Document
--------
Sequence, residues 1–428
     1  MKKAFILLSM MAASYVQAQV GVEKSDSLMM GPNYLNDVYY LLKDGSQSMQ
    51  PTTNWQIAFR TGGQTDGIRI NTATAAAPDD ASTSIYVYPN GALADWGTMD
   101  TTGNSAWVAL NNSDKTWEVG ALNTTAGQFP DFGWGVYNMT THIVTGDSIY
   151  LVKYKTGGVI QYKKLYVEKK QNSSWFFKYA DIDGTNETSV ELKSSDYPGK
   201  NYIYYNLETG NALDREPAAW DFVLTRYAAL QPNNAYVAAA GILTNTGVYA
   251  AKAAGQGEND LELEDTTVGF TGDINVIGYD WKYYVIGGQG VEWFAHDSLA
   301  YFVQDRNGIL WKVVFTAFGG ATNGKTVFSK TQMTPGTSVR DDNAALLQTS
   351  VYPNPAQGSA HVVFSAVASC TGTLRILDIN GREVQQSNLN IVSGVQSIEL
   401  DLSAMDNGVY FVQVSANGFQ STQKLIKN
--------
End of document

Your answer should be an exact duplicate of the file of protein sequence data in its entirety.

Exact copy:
Sequence, residues 1–428
     1  MKKAFILLSM MAASYVQAQV GVEKSDSLMM GPNYLNDVYY LLKDGSQSMQ
    51  PTTNWQIAFR TGGQTDGIRI NTATAAAPDD ASTSIYVYPN GALADWGTMD
   101  TTGNSAWVAL NNSDKTWEVG ALNTTAGQFP DFGWGVYNMT THIVTGDSIY
   151  LVKYKTGGVI QYKKLYVEKK QNSSWFFKYA DIDGTNETSV ELKSSDYPGK
   201  NYIYYNLETG NALDREPAAW DFVLTRYAAL QPNNAYVAAA GILTNTGVYA
   251  AKAAGQGEND LELEDTTVGF TGDINVIGYD WKYYVIGGQG VEWFAHDSLA
   301  YFVQDRNGIL WKVVFTAFGG ATNGKTVFSK TQMTPGTSVR DDNAALLQTS
   351  VYPNPAQGSA HVVFSAVASC TGTLRILDIN GREVQQSNLN IVSGVQSIEL
   401  DLSAMDNGVY FVQVSANGFQ STQKLIKN